Meet Richard, a dedicated professional with a rich history at Tuin, contributing 25 years of experience within the garden timber industry. With an expertise in garden buildings. From design, manufacturing and installation for a range of timber buildings. Sheds to log cabins and all the way up to timber framed houses. In his time he had worked with experts all over europe, and also included his own personal experience of installing and testing Garden Buildings from a range of companies, models and sizes. You will find a majority of his blogs to include expert installation advice for your Log Cabin. Information on how timber reacts to different environments and the best way to preserve your garden buildings.

14 thoughts on “Log Cabin Roof Strength

  1. Hi there

    I have a Tuin Ulrik cabin that has been in my garden a few years. I am planning on adding 4x solar panels to one elevation. Each panel is 22kg in size and about 1.98sqm in area. Would adding 88kg of load to the roof cause any issues, and if so, are there any recommendations you could make?

    • Hi Paul

      Thank you for your message regarding adding solar panels, This is an interesting topic

      Strictly speaking all of our cabins are made to meet Dutch/German snow loading limits as this page describes, Some Uk supplies do not meet this standard. You panels should not cause any issues but if in any doubt you could consider laminating extra timber to your roof purlins for added strength and peace of mind

      Hope this helps

  2. Hi there, I’m currently planning the upgrades to my garden. As I live in the countryside I would love to incorporate a grass or green roof into my outbuilding design. This requires a 60 to 150 kg per square metre load bearing roof. Have you been involved in this discussion before with one of your log cabins?Thanks,


    • A sedum roof can be very heavy and any building that accepts it will need to incorporate additional roof purlins. This can be accomplished by having a bespoke building made. Alternatively additional support can be added using joist hangers.

      • Hi Richard. Further to this comment on sedum roof. Can you confirm if the Wolfgang log cabin would require any further supports? I’ve done some extensive research on various sedum green roof suppliers and they estimate around 60kg Of load per meter squared for a saturated roof. this includes the weight for all substrate.

        • When using Sedums I would always recommend adding extra purlins, with a full down pour and the sedum matting sodden there is an awful lots of weight up there.

    • It does depend on the building. Our larger ones are designed to take tiles, the smaller ones will not be able to without adding additional roof purlins.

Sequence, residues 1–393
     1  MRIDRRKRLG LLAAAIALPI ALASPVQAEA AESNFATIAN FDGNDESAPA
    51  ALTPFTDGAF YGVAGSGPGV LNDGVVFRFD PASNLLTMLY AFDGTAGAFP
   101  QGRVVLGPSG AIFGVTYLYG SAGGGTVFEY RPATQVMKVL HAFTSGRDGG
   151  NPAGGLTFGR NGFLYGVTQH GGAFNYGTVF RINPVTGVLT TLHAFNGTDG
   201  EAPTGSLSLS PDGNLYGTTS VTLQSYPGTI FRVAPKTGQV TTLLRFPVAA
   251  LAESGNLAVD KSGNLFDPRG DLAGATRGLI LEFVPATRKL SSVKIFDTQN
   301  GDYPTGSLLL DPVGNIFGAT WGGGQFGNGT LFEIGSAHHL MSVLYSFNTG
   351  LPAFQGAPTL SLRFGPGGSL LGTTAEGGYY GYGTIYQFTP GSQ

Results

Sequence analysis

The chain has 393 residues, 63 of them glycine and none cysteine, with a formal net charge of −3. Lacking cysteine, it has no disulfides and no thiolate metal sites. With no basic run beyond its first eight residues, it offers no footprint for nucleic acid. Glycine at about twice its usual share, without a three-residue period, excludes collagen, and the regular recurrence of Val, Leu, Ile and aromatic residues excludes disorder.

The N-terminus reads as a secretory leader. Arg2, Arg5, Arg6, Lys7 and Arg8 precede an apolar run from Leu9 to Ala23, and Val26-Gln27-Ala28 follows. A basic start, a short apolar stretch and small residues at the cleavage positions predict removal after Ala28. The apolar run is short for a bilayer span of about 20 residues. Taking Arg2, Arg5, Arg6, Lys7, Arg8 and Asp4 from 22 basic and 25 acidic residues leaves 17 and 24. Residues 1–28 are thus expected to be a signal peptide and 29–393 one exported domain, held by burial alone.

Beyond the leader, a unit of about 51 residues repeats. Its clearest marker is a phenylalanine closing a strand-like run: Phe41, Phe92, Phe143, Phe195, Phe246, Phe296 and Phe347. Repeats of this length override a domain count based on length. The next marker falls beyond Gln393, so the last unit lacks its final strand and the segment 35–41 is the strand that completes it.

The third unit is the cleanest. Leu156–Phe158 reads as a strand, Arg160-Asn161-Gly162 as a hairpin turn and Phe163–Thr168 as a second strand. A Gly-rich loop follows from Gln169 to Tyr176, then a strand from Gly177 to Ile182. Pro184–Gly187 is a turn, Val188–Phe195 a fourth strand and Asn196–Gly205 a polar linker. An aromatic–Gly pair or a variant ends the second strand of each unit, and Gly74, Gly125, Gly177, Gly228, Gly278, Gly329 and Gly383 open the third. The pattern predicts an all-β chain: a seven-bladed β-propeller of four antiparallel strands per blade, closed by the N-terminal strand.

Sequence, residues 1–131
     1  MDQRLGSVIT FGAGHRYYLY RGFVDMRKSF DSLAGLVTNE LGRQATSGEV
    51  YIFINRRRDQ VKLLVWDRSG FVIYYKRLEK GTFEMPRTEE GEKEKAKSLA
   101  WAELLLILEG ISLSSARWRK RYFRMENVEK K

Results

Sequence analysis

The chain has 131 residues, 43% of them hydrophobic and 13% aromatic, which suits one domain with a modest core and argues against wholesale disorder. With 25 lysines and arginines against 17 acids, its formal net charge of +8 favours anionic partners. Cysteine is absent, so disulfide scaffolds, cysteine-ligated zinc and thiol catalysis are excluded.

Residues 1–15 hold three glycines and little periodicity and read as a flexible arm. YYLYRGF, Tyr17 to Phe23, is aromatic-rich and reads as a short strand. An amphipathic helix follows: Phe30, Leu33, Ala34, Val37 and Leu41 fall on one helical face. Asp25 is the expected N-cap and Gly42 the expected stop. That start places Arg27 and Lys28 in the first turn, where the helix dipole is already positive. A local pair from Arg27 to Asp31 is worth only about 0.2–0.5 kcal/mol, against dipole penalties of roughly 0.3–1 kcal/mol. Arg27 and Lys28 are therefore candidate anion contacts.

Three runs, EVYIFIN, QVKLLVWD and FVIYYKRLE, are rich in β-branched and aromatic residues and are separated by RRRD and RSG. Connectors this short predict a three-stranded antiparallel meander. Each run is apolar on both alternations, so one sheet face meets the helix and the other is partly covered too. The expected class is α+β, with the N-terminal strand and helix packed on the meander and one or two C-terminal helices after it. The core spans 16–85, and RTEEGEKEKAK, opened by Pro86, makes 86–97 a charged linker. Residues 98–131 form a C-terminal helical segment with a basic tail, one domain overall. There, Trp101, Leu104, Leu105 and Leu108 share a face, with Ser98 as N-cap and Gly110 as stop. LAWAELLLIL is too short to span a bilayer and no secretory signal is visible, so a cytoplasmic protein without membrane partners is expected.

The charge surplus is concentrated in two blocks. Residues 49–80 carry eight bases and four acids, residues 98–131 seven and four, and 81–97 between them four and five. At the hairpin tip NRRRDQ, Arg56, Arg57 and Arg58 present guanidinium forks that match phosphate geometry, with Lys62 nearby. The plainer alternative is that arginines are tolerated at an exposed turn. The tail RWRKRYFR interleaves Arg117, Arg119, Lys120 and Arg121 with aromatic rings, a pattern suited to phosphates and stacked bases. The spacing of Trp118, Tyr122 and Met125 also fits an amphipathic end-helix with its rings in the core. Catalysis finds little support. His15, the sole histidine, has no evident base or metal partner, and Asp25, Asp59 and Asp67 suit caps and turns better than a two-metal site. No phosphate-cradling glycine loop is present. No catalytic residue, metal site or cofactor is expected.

3. I’m thinking of a summerhouse, but can’t see how the shingles are held in place ( I may have missed it!) . Also as I am in a fairly windy and occasionally snowy area I just wonder if they are going to lift along the edges. Many thanks.

  4. Richard,
    When my Peter cabin arrives I am planning to use two screws to fasten each roof board. Is it necessary to leave a small gap when fitting the tongue and groove boards together, to allow for expansion? I have watched the videos and the fitters appear to fit them tight.
    PS: brilliant website.

    • It is a good idea to use screws in the boards if you are intending to take the log cabin down again at some point in the future, this will save damaging the boards as it is disassembled.

      Regarding a cap between the boards an installer needs to consider the time of year. At the height of summer the timber will have a low moisture content and it can be expected to expand in the winter, therefore a gap will be needed.

      Conversely at the height of winter the timber will be at it’s maximum moisture content and will not need a gap, if you did have a gap come summer it would be too large.

  5. Hi we just purchased the Liverpool log cabin. After watching the various videos I noticed that you use nails. Apart from the roof shingles, can I substitute the nails for screws? i.e. on the main t&g boards for the roof. Also can I use a paslode nailer or finishing nailer for other parts?

    • Screws are a good idea but they will take longer to do. If we are putting up a show building or fitting for a customer who expects to move we will always use screws in the roof boards as it will come apart easier. I’ve tried nailers and i really don’t like them, they’re heavy and can fire through too much. I recommend to all installers to nail by hand.

      Do not ever use staples in the roof as I have seen before. Also I don’t like the in the shingles but I know a lot of installer will use. In all the buildings I installed I would hand nail everything to ensure I would never have to see the customer again, no matter how nice their tea maybe.

      One last thing, two nails in each board at each junction will stop the boards moving. Some fitters only use one and then have to relay the roof in the winter when it’s curled.

Leave a Reply

Your email address will not be published. Required fields are marked *